What do you think?
Anyone who knows me knows what my opinion is, but I don’t think I have ever sat down to review what the scientific research says about multivitamin benefits.
Many people believe that if they just eat healthy they will get all the nutrition they need. Worse, health professionals like doctors and dieticians perpetuate this myth. The research is very clear that people do NOT get all the nutrition they need from the food they eat. Whether or not they SHOULD, they DON’T.
So if people are going around deficient in one or more nutrient every day, does supplementation help? Can you get the nutrition you need from pills?
In a word, no. You can’t get all the nutrition you need from pills. You need to eat healthy. This is basically because we need to know that you need a nutrient before we can put it into a pill. And whole-foods supplements (where they basically juice a food and dehydrate it and package what’s left into a pill) aren’t adequate because you’d have to take huge numbers of pills daily in order to get the content of a single piece of fruit or a vegetable. You still need to eat healthy balanced meals and sensible portions of food.
So what’s a person to do? The short answer is to eat healthy AND take a high-quality supplement. I did a literature review and here are five studies from the 1980s to today.
1. In 1985, a study was published examining blood nutrient levels in female college students living on-campus and eating a diet specifically designed for them by the college dietician. These young women’s blood nutrient levels were significantly improved by taking a multivitamin. Click here to see the study abstract.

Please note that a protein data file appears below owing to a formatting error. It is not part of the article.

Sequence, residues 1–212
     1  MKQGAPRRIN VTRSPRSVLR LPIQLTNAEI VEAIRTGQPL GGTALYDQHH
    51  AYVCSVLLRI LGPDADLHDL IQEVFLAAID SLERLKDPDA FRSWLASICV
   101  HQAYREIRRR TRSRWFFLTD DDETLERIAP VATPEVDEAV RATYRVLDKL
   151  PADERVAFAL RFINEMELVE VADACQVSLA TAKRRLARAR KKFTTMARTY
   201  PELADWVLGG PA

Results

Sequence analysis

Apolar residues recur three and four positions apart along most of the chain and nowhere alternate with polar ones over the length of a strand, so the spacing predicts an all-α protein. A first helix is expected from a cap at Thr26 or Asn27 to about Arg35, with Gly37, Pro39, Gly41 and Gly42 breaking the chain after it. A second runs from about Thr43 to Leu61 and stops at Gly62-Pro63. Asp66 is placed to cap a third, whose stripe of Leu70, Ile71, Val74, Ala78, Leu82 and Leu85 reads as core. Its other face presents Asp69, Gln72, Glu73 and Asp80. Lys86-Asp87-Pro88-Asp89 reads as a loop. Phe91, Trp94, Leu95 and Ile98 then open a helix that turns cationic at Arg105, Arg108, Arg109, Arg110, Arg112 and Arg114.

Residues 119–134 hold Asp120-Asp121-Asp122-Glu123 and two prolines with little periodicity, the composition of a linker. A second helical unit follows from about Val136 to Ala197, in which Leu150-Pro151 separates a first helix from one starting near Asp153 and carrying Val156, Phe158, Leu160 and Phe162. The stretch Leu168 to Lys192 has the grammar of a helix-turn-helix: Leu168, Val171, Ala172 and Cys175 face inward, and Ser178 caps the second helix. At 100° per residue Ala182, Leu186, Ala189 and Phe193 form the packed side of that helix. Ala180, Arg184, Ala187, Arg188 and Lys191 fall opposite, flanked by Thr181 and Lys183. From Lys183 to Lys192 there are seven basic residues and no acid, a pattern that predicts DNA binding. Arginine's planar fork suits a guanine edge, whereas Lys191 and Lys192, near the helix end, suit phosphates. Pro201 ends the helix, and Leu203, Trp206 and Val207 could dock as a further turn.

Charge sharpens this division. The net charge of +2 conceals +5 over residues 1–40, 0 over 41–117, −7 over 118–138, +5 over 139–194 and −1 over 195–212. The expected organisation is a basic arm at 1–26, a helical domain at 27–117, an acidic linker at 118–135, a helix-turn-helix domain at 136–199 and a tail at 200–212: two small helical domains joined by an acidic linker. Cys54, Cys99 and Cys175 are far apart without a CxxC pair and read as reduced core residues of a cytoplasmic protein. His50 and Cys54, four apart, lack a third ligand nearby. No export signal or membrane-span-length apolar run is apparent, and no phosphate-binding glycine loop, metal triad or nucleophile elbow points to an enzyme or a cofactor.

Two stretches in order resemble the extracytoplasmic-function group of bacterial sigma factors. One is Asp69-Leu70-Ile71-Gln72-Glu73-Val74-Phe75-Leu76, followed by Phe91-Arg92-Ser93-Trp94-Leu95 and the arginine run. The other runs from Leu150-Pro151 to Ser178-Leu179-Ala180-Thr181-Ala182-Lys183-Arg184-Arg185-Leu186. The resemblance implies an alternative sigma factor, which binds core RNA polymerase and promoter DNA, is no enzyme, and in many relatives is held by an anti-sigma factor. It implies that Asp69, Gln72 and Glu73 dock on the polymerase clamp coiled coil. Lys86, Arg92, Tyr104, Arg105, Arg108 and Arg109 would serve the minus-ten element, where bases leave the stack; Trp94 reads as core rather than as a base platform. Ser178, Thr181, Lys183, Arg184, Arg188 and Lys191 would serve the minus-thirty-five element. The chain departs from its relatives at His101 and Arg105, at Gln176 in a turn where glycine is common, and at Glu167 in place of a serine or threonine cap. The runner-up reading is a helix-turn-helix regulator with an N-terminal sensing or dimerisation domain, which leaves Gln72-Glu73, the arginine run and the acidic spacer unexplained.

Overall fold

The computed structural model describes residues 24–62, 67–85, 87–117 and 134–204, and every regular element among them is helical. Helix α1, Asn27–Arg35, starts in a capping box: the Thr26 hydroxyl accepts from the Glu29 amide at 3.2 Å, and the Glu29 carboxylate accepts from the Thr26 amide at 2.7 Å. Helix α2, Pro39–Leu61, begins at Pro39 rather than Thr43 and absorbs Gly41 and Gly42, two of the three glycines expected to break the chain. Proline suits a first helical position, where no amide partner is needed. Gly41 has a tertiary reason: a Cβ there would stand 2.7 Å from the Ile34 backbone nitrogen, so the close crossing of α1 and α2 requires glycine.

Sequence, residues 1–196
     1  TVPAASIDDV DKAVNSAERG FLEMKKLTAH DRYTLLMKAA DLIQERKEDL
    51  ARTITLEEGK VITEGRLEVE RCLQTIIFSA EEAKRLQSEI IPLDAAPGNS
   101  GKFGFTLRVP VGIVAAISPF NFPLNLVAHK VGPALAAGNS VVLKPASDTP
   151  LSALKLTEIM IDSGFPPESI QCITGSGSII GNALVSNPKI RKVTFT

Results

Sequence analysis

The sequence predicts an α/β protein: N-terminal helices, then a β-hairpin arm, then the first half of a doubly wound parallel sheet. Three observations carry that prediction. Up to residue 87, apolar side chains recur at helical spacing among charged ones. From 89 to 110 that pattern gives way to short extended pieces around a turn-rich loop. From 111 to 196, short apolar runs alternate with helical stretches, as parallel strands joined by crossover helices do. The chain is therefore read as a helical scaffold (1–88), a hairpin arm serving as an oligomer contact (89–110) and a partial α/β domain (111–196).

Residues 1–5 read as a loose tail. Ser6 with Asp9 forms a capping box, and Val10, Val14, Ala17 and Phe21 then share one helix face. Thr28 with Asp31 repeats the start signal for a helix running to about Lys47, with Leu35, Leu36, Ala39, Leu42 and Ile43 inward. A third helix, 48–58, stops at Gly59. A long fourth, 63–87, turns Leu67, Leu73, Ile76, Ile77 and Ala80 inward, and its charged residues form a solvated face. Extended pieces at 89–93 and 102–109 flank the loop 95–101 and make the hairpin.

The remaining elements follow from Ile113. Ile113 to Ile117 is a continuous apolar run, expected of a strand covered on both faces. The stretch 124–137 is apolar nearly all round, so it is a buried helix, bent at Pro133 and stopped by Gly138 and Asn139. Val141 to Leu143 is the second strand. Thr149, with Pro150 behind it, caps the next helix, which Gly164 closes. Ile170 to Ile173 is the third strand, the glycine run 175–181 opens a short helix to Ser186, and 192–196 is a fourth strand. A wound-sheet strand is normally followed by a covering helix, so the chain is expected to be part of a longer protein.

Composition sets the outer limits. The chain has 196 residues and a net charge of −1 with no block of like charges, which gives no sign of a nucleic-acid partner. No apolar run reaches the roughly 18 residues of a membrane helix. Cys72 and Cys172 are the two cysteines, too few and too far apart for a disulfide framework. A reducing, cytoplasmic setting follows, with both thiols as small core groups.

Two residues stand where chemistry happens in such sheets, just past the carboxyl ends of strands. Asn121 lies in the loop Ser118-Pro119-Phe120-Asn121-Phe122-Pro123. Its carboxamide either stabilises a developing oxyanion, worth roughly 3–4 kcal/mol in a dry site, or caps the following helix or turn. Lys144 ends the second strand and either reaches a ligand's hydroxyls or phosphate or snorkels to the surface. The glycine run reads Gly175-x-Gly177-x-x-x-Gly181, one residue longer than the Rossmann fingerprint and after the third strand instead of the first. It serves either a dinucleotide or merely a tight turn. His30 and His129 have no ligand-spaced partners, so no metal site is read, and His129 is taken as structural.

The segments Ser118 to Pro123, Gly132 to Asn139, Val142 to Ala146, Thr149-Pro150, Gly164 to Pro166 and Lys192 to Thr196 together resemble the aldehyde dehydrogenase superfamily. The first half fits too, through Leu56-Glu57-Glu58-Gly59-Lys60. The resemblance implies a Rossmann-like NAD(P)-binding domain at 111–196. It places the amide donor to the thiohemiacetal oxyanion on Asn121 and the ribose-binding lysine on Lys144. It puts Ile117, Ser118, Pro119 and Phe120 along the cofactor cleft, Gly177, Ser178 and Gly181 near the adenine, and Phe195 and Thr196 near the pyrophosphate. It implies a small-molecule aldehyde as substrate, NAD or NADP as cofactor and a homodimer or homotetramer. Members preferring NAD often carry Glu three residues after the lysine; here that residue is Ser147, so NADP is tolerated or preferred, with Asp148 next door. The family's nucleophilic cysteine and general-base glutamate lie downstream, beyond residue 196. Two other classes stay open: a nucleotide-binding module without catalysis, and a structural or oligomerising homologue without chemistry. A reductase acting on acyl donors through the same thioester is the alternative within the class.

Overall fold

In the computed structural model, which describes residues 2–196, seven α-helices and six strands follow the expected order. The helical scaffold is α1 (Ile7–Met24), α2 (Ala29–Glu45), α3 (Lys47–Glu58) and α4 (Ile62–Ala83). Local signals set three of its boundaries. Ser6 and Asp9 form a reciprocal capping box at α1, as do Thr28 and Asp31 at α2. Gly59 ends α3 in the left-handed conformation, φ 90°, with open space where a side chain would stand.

2. A study of healthy adults over age 60 showed that those who took a multivitamin-mineral supplement spent one-third as many days sick with infection-related illness as those who did not take the supplement. (Amanda knows this is true. Her kids don’t share nearly as many colds with her since she started taking Vita Lea with Iron!) Click here to see the citation.
3. Calcium and vitamin D supplementation have been shown to decrease the rate of bone loss in postmenopausal women (many studies demonstrate this).
4. An herbal supplement (marketed by the Shaklee Corporation under the trade name NutriFeron) was shown to significantly decrease menopausal symptoms, systolic and diastolic blood pressure, and plasma triglycerides and LDL-cholesterol. It also decreased plasma hepatitis C viral levels in patients with chronic active hepatitis C and improved their symptoms as well. Of course, I can’t tell you NutriFeron will treat blood pressure or cholesterol, menopause symptoms or Hepatitis C. This is just what the published literature suggests.
5. Long-term users of a number of supplements produced by the Shaklee Corporation were shown to have lower blood pressure, better cholesterol profiles, lower levels of certain inflammatory markers, lower risk of diabetes and were more likely to rate their health as “good” or “excellent.” Here is the study link.
There are many more studies I can cite, but I think you’ll agree that the evidence is clear that taking a carefully designed program of supplements including a high-quality multivitamin is an important ingredient in a healthy lifestyle.
I should add that all the research I discussed above was supported and published by Shaklee. There are over 90 research studies published in peer-reviewed journals supported by Shaklee. How many studies has your supplement company published?
If you’d like more information about what supplements would be appropriate for you, please email me at firstname.lastname@example.org or check this page.
Question: Do you take a multivitamin? Do you think it makes you healthier?